Monday, August 23, 2010

Every Heart Has a Story

Every Heart Has a Story

The saying is true; every heart does indeed have a story, and this is Ethan's. In order for you to get a really good idea of his story, I feel it's important to start at the very beginning and set the tone for the biggest surprise we've ever had...

(You can also hear us tell our story, and how it has impacted our relationship with God, here. Just click on "download".)


My husband, Jeramie, and I learned that I was pregnant one hot, July morning in 2008 after two months of “entry-level” infertility treatments. It was an exciting time for our family, and we spent the first few weeks basking in the joy that new life provides. However, not long after that, I began to experience some complications with the pregnancy. My OB gave us a 50/50 chance of having a viable pregnancy and set up an ultrasound appointment to confirm or deny the life I had growing inside of me. I vividly remember laying on the table for the ultrasound, wondering if we would see the beat of our baby’s heart. Needless to say, many tears were shed that day as we saw a strong flicker on the screen in front of us!

I was diagnosed with having a subchorionic hematoma and was told it would resolve itself. The doctor was right, and the hematoma was practically gone by my 20-week ultrasound – at which point our baby passed the anatomy scan with flying colors!

During that ultrasound, however, it was discovered that the baby and I shared an umbilical cord that only had two vessels instead of three.  Due to that discovery, I was brought back for another ultrasound on December 23rd, 2008.

"No worries," the doctor said,"we just need to monitor the baby's growth, but there shouldn't be any major complications".

The baby measured just fine, but some other concerns about his/her development arose. My OB sent me for a Level 2 ultrasound to see if we could get any more information.  Unfortunately, the Level 2 didn't do much in the way of clarification. I was about seven months along at that point, and things were getting pretty squished in there! Even still, the doctor was determined to get some more information and brought us back for a second Level 2 scan a few weeks later.

At that following appointment, the doctor was fairly certain that our baby had a couple of non-critical developmental issues.

"But, his heart is strong and everything else looks great!" he said, trying to reassure us.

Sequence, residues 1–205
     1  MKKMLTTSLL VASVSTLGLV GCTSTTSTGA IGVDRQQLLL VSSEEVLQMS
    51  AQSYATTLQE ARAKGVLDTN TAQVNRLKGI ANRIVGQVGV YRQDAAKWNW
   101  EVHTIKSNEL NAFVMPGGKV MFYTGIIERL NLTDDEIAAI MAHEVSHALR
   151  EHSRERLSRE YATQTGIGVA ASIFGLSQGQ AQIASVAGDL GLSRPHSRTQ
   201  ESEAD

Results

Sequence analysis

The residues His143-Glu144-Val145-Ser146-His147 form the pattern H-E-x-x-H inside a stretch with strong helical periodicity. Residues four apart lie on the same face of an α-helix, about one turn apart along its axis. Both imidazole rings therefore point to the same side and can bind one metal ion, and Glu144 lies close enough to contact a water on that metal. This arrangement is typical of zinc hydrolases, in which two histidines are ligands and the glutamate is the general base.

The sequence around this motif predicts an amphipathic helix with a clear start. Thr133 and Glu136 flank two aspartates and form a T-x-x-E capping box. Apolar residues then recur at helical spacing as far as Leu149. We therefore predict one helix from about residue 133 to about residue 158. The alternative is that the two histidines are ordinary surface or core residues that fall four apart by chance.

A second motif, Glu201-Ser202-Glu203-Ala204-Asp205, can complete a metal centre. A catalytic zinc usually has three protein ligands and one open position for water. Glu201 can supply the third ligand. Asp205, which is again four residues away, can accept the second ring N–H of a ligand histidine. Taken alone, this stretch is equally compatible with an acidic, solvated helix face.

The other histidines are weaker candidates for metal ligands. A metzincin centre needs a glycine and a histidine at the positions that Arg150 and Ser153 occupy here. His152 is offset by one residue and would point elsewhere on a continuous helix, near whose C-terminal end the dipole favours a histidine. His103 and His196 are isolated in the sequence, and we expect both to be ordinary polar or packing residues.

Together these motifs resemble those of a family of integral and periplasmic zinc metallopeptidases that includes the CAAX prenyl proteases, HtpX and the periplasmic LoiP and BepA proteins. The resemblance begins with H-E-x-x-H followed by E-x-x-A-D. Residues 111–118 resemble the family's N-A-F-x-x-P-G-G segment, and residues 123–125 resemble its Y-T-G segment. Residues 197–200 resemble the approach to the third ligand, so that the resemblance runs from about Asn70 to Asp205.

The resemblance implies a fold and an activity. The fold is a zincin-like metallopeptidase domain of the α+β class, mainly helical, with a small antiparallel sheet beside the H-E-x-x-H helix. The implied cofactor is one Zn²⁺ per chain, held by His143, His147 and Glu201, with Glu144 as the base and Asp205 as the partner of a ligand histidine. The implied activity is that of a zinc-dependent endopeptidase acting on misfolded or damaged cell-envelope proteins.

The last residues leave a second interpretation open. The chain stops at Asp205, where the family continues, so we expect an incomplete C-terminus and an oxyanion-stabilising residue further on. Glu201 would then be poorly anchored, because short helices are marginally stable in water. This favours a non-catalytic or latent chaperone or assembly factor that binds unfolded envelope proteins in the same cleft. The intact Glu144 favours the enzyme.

A few weeks later, on March 7th 2009, my water broke and our precious baby boy was born the following morning, March 8th. His birth confirmed that he had two birth defects which would require surgical intervention - one urological in nature, and the other orthopedic.

I remember crying over his bassinet in the newborn nursery, praying that he would be OK. I had no idea what else was coming our way.

Family and friends came to visit, and we spent about eight wonderful hours in the room with our son, whom we named Ethan. He didn’t nurse well and didn’t cry a lot – two major red flags that weren’t apparent to us first-time parents. It wasn't until our nurse was bringing Ethan back to our room after some routine testing that she noticed “he just didn’t look right”. She immediately took him back to the newborn nursery where she hooked him up to a pulse oximeter and discovered that his oxygen saturation level was in the mid-60s.

We had no idea what was going on at this point; we assumed Ethan was still in the nursery and that everything was fine. We called our nurse to find out what was taking so long, though, and she told us that someone would be in shortly.

I don't even remember who came into our room to break the news, but the words "We have reason to believe there is something wrong with your baby's heart" will never be forgotten. We had friends and family in the room with us, and friends on their way to visit, when we were told about Ethan's heart. I instantly shut down and couldn't process what we were being told.

Through tears, I wondered, "How could there be something wrong with his heart? How did the doctors not see this before now?!"

I was angry and very, very scared. We eventually talked with a cardiologist who told us that Ethan would need surgery in the next 24-48 hours. He explained Ethan's defects to us and said that these particular defects are very hard to see on ultrasound. In short, Ethan was diagnosed with Pulmonary Atresia with VSD. This basically means that there was no way for blood to get from his heart to his lungs (pulmonary atresia), and there was a large opening in the wall that should have separated his ventricles (ventricular septal defect - VSD).

Ethan was rushed by LifeFlight to Duke University Medical Center within hours after his diagnosis. My OB agreed to discharge me the following day so that I could join him there.